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A TERRIBLE DAY FOR ALL OF GILLELEJE
Kjeldgaard Jensen was the parish priest of Gilleleje. In early October 1943, he and his wife received a phone call from a Reverend Bartholdy in Copenhagen. He told them about the many Jewish refugees that would soon be arriving in Gilleleje. On Confirmation Sunday, 3 October, he gave a sermon in which he outlined the duty of the church to object to the persecution of the Jews. He would later willingly make the church loft available as a hiding place for the many refugees that came to the village.
CHURCH RECORDS OF GILLELEJE (SIGNED BY KJELDGAARD JENSEN)
5 October 1943 was a terrible day for all of Gilleleje. This was the day the German occupation forces carried out a raid looking for any Jews in the village. This was repeated during the following days, and many known and previously [unknown] Jews (estimated at 1200–1300) had taken refuge here – both in private houses and, unfortunately, also in the church loft and parish hall. Unluckily for us, the Gestapo and police forces stormed these premises. I, the undersigned parish priest, had been up in the loft on numerous occasions to help and give comfort in the desperate situation that had unfolded. Probably 100 Jews were taken to Horserød Prison Camp, from which they have since left – but for where? …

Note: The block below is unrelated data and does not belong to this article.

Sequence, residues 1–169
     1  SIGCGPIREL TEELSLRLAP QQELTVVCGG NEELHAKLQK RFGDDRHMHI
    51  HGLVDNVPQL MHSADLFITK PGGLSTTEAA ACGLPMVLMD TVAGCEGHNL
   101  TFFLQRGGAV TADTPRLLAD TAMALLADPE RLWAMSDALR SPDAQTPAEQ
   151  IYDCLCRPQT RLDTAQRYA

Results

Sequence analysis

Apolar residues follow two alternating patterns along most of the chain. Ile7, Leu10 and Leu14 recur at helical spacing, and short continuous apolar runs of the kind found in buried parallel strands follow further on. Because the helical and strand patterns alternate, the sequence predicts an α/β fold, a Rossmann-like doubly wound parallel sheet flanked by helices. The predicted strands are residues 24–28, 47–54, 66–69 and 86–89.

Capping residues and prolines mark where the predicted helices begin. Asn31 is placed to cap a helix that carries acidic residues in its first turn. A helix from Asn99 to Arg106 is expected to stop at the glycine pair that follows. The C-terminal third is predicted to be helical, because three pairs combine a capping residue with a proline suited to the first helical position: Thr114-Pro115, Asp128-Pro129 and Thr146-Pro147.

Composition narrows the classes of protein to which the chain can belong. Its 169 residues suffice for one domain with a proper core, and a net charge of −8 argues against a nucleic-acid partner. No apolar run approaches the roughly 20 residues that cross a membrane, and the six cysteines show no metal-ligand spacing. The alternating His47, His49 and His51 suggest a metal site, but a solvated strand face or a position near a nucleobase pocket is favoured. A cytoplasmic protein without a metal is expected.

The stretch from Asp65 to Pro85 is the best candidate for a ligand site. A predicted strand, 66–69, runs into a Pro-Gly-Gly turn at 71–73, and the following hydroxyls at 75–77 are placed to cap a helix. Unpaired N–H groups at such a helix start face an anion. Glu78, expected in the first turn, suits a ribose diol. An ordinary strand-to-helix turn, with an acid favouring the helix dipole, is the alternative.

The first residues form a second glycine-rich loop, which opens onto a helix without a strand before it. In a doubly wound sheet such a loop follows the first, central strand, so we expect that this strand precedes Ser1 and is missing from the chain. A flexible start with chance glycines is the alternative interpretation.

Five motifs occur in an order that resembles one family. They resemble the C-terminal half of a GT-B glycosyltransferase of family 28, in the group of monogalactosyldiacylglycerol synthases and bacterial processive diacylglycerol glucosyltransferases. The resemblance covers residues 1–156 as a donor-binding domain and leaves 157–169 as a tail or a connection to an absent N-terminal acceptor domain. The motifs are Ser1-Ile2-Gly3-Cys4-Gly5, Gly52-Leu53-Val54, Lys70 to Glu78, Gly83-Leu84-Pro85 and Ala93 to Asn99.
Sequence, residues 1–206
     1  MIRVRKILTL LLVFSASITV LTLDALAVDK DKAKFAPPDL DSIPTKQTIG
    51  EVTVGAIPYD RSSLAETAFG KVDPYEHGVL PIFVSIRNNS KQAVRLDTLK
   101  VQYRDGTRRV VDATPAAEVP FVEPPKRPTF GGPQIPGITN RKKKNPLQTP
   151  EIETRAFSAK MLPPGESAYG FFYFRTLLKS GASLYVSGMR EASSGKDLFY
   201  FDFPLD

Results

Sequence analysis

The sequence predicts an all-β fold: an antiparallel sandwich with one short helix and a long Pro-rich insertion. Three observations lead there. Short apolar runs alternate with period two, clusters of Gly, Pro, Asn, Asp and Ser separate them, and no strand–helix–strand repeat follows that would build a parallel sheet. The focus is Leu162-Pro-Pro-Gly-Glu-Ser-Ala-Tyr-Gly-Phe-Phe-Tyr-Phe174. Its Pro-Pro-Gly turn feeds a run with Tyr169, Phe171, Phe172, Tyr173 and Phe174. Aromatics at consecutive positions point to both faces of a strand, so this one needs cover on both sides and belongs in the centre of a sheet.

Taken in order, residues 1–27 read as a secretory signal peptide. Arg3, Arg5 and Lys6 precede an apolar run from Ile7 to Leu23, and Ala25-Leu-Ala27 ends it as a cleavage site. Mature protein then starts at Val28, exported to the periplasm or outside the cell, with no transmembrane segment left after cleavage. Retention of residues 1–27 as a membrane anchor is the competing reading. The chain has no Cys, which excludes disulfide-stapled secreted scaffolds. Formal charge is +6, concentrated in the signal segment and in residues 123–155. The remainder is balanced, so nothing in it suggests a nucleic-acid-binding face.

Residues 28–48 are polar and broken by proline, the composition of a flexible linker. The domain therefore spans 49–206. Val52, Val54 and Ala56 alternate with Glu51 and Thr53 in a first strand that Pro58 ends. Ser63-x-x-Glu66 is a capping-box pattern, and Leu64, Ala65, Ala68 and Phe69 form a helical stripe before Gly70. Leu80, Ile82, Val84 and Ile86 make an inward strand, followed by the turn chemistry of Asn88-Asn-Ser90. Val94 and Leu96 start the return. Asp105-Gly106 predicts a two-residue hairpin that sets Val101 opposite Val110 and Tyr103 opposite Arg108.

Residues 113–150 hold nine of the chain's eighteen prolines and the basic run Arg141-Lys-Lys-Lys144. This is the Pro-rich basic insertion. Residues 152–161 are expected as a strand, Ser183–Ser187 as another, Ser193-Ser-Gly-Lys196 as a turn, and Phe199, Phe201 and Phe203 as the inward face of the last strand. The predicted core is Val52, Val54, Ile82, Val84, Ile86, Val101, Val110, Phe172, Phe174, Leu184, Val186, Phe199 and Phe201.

Kjeldgaard Jensen and his wife were forced to go into hiding. The events that occurred during the night between 6 and 7 October left the priest scarred for the rest of his life. He felt a personal responsibility for the people who had been captured in his church, and the traumatizing events during the war were a major factor leading to his premature death in 1952.